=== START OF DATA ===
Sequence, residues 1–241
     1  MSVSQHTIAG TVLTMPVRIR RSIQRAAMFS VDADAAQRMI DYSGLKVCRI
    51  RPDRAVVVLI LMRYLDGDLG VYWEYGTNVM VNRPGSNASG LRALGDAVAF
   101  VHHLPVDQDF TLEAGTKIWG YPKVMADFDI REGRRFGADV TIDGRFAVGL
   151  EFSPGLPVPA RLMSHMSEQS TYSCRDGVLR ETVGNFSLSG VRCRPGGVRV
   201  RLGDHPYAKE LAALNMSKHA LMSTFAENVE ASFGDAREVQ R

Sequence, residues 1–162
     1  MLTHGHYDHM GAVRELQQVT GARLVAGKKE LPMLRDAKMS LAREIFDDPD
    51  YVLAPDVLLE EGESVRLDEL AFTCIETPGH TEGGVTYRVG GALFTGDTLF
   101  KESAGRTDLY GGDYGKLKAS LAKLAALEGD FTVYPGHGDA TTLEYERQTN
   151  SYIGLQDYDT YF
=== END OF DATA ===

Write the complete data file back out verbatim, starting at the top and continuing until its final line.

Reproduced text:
Sequence, residues 1–241
     1  MSVSQHTIAG TVLTMPVRIR RSIQRAAMFS VDADAAQRMI DYSGLKVCRI
    51  RPDRAVVVLI LMRYLDGDLG VYWEYGTNVM VNRPGSNASG LRALGDAVAF
   101  VHHLPVDQDF TLEAGTKIWG YPKVMADFDI REGRRFGADV TIDGRFAVGL
   151  EFSPGLPVPA RLMSHMSEQS TYSCRDGVLR ETVGNFSLSG VRCRPGGVRV
   201  RLGDHPYAKE LAALNMSKHA LMSTFAENVE ASFGDAREVQ R

Sequence, residues 1–162
     1  MLTHGHYDHM GAVRELQQVT GARLVAGKKE LPMLRDAKMS LAREIFDDPD
    51  YVLAPDVLLE EGESVRLDEL AFTCIETPGH TEGGVTYRVG GALFTGDTLF
   101  KESAGRTDLY GGDYGKLKAS LAKLAALEGD FTVYPGHGDA TTLEYERQTN
   151  SYIGLQDYDT YF